Barnett Banks Inc.'s agreement to buy First Florida Banks Inc. is doing wonders for the shares of another Florida institution.

With the deal, Fortune Bancorp, a $2.6 billion-asset savings bank, becomes the largest independent financial institution on Florida's fast-growing West Coast. That has heightened interest in it as a takeover play.

Among the possible suitors: First Union Corp., Nations Bank Corp., and SunTrust Banks Inc.

Shares Rise 65% in Quarter

The shares of Fortune, which is based in Clearwater, were already up sharply following a strong first-quarter earnings report. Then they jumped another 25% after last month's announcement that Barnett would buy Tampa-based First Florida. That brought the gain this quarter to 65%.

For the past two years, the thrift has been run by John R. Torell 3d. Mr. Torell was formerly chairman and chief executive officer of CalFed Inc. in Los Angeles, one of the nation's largest thrifts, and before that was president of Manufacturers Hanover Corp. in New York.

On Monday, shares of Fortune were up another 50 cents to $15.50. But like many thrift equities, the stock remains depressed in relation to book value. Tangible book value at the end of the first quarter was $20.27 a share, or $124 million. The company's market value is about $85 million.

Changing Course

Fortune's management is in the midst of reversing a long series of mistakes made at the company during the 1980s. And Mr. Torell, who became chairman and chief executive in July 1990, is applying concepts that have served him well in the past.

"We are moving ahead with a full-service banking strategy," Roy J. McCraw Jr., Fortune's president and chief operating officer, said Monday. A veteran commercial banker himself, Mr. McCraw joined Mr. Torell last year from First Union, Charlotte, N.C.

In pursuit of its goal to be banklike, the thrift is adopting a retail and small-business orientation and is emphasizing the acquisition of non-interest-bearing demand deposits, said Samuel J. Beebe, a banking and thrift analyst at Robert W. Baird & Co., Tampa.

Well Positioned

The strategy should pay off with Fortune positioned as one of the few major acquisition targets in its area. Florida's west coast is "arguably the best banking market in the state," said Mr. Beebe.

"At some point, it is logical to assume that one of the superregional banks will come a courting," the Florida analyst noted, particularly since others fell far behind Jacksonville-based Barnett in market share after the First Florida deal.

Barnett's 27% market share in Florida is 50% larger than runner-up First Union and equal to the combined market shares of NationsBank, Charlotte, N.C., and Atlanta-based Sun Trust.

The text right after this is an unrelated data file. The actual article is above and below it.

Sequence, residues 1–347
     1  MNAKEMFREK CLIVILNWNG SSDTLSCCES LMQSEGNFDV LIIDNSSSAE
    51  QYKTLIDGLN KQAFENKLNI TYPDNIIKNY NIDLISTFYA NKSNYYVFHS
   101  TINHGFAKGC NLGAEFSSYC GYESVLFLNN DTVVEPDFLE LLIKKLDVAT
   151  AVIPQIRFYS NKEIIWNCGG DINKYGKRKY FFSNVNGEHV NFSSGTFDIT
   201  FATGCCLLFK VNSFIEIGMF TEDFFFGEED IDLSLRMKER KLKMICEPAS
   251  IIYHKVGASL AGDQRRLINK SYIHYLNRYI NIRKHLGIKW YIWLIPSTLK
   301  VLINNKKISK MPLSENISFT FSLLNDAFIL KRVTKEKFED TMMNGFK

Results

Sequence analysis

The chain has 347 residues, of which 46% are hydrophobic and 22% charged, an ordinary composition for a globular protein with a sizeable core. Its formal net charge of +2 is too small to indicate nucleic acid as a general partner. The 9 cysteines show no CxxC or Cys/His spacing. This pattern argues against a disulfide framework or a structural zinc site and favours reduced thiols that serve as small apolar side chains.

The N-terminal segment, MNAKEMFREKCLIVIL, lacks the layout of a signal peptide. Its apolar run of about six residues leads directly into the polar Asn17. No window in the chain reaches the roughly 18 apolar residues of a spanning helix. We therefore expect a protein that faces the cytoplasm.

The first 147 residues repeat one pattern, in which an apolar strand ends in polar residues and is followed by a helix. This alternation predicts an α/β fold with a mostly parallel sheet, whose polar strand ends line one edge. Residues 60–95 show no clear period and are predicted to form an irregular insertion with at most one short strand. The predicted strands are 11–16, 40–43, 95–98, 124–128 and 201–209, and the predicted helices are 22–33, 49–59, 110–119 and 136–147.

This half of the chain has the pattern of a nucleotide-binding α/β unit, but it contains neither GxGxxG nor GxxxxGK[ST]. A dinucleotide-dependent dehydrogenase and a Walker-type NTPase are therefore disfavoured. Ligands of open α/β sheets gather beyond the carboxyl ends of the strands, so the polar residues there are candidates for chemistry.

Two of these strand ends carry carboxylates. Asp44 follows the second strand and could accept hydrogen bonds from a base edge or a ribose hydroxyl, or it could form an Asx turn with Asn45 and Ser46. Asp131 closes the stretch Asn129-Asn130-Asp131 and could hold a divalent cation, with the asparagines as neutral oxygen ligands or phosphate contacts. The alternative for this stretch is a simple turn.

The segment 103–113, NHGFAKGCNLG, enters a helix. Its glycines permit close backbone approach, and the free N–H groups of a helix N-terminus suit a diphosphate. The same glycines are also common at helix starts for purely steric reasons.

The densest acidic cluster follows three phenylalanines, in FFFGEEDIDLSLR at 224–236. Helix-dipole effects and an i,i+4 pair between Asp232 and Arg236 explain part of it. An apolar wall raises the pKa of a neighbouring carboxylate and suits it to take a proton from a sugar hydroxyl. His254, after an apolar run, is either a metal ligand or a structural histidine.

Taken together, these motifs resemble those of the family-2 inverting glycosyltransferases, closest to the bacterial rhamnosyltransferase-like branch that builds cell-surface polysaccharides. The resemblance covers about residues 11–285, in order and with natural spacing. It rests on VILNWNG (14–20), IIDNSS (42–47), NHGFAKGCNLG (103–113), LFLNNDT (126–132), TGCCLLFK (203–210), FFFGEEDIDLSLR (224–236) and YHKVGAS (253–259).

Two Big Independents

Assuming a more banklike character will put Fortune in a rarefied group of takeover targets. Only two sizable independent banking companies remain in Florida, both on the east coast. They are Flagler Bank Corp., based in West Palm Beach, with $451 million in assets, and Seacoast Banking Corp., based in Stuart, with $608 million in assets.

Fortune, formerly called Fortune Financial Group Inc., has 48 banking locations that stretch along Florida's west coast as far south as Naples. Over half the locations are in its home county of Pinellas which includes both Clearwater and St. Petersburg.

In Pinellas County, Fortune ranks second in deposit share behind only Barnett.

During the 1980s, Fortune endured many of the problems that sank a large number of thrifts. John B. Sweger, a former developer, was elected its chairman in 1982, and the federal savings and loan association shifted to stock ownership the next year.

Texas-Scale Mistake

That set the stage for a number of exotic ventures, including the issuance of 30,000 shares, together with $1.9 million in cash, to purchase a 50% interest in Golf Cart Systems Inc., a golf car leasing firm.

"This was one of the worst investments any thrift this side of Texas ever got into," said Mr. Beebe. By yearend 1989, Fortune had $14 million in loans outstanding to Golf Cart Systems "and $13 million of it had gone bad," noted the analyst.

The election of a major shareholder, John Moran, as chairman in January 1990 signaled a back-to-basics philosophy.

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